An employment tribunal has ruled that Morrisons shop floor workers’ roles can be compared to those working in distribution centres in terms of equal pay.
The nearly 2,300 claimants now need to identify male employees at the supermarket chain that are in positions of similar value.
In her judgment, Employment Judge Davies stated that it is not necessary for the workers at this stage to specify a regional distribution centre (RDC) to be compared with each supermarket store.
“They rely on comparators working at all the RDCs and the question at this stage is therefore whether a worker from any of the RDCs who moved to a depot at any of the stores would be engaged on broadly similar terms. For the reasons outlined, I find that they would,” the judge said.
According to law firm Leigh Day, which represents the claimants, the next stage will involve solicitors arguing that the roles are of equal value. If they are successful, the supermarket will then have an opportunity to put forward a reason as to why the roles should not be paid equally, other than sex discrimination.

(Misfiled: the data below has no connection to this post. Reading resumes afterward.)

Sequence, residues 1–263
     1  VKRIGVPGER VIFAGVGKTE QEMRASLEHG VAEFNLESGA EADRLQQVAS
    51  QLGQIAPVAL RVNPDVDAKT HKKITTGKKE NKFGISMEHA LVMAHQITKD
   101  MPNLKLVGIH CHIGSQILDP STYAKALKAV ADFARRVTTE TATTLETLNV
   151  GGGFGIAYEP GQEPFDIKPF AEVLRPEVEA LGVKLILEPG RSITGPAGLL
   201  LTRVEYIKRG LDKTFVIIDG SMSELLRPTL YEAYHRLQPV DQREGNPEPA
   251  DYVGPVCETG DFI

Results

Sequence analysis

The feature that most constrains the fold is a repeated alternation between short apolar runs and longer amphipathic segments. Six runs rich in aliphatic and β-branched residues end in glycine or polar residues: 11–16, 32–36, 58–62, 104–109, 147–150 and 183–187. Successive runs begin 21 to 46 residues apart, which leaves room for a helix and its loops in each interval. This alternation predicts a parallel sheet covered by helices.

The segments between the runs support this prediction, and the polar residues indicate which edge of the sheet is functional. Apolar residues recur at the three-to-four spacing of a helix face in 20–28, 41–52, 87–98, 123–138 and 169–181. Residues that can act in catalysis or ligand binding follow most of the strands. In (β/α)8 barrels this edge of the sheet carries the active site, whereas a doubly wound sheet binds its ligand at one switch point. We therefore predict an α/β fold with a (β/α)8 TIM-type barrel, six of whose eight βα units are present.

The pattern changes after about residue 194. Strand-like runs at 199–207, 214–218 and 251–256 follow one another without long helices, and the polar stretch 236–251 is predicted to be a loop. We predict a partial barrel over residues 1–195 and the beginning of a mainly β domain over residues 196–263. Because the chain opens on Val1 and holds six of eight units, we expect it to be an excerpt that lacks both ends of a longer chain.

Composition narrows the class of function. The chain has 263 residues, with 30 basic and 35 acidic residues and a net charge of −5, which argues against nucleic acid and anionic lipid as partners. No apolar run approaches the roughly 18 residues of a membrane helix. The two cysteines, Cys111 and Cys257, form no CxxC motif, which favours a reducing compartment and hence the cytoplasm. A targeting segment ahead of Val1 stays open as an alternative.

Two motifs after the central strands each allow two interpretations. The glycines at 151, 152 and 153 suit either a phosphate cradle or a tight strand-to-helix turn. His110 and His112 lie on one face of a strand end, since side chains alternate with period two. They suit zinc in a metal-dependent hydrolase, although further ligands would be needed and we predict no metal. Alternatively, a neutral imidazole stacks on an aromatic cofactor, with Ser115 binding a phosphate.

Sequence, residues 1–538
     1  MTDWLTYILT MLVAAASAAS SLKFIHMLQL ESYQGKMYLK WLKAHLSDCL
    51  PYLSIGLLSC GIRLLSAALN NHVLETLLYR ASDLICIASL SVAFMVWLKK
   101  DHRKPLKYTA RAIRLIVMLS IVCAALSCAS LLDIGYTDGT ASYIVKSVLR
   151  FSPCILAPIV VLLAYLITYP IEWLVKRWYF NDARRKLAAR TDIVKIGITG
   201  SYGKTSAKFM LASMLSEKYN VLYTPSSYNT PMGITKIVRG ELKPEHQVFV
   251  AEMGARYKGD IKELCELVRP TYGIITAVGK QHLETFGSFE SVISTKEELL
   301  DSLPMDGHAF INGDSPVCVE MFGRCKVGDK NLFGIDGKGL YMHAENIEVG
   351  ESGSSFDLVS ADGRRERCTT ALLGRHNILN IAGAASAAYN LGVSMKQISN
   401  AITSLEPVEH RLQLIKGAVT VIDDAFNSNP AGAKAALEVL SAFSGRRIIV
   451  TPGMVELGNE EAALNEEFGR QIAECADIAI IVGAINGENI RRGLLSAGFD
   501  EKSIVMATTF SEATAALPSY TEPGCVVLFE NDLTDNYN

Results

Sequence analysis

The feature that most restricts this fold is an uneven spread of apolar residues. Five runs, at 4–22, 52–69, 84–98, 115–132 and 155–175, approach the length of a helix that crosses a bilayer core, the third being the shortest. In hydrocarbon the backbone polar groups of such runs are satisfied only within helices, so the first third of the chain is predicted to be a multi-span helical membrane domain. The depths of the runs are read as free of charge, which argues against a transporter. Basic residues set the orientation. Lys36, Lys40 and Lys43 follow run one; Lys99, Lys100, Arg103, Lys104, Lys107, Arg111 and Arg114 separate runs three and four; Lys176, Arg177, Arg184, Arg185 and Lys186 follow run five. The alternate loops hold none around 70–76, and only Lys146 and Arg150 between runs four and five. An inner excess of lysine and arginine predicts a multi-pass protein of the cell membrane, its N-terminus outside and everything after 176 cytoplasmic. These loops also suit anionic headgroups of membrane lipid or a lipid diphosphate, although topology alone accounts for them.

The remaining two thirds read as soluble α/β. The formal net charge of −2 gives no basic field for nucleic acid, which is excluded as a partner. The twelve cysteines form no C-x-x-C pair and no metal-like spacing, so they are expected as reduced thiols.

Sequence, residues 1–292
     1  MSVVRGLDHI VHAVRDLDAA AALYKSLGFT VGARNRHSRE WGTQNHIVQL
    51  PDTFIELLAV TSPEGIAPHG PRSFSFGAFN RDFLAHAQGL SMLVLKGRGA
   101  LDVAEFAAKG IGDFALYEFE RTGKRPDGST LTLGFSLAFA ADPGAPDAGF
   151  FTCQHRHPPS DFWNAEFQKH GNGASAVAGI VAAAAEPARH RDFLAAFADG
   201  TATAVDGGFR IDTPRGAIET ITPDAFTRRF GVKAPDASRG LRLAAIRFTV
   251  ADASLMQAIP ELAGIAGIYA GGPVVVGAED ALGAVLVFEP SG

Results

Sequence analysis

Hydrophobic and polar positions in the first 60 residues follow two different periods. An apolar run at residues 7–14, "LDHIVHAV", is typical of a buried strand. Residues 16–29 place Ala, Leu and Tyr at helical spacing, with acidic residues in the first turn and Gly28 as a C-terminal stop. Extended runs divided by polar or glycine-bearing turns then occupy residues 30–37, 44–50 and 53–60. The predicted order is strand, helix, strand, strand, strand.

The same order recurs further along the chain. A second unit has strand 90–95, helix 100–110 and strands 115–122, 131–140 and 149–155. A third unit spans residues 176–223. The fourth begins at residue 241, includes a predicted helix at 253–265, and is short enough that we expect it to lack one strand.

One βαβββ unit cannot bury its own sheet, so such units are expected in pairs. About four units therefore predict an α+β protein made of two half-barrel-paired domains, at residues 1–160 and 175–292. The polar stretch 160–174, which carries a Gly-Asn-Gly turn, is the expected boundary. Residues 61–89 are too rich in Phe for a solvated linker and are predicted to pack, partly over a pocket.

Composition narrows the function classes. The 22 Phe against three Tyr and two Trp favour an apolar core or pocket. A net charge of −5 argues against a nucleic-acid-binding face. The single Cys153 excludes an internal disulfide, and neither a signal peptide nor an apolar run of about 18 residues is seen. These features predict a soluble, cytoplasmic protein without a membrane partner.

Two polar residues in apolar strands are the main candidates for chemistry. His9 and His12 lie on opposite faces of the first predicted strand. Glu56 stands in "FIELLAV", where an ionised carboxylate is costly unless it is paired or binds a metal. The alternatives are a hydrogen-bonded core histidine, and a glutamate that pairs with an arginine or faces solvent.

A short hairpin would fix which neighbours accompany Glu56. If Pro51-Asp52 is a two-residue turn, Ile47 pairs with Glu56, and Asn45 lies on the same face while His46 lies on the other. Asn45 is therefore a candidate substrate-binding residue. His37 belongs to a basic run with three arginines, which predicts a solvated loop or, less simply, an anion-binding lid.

In June, thousands of Tesco shop floor staff also represented by Leigh Day won a legal argument, as the Court of Justice of the European Union ruled that a worker can compare their role with someone working in a different establishment if a single source can correct the pay difference.
Emma Satyamurti, a partner in the employment team at Leigh Day, said that she is “delighted” that the tribunal agrees that shop floor workers should be able to compare their roles to those of distribution centre workers for the purpose of equal pay.
“We hope that this will help Morrisons to recognise the hard work their shop floor staff do and finally pay their staff what they are worth,” she said.
A Morrisons spokeswoman said: “The decision does not decide if retail and logistics roles are of equal value. Morrisons pays a fair day’s wage for a fair day’s work and will continue to fully defend these proceedings.”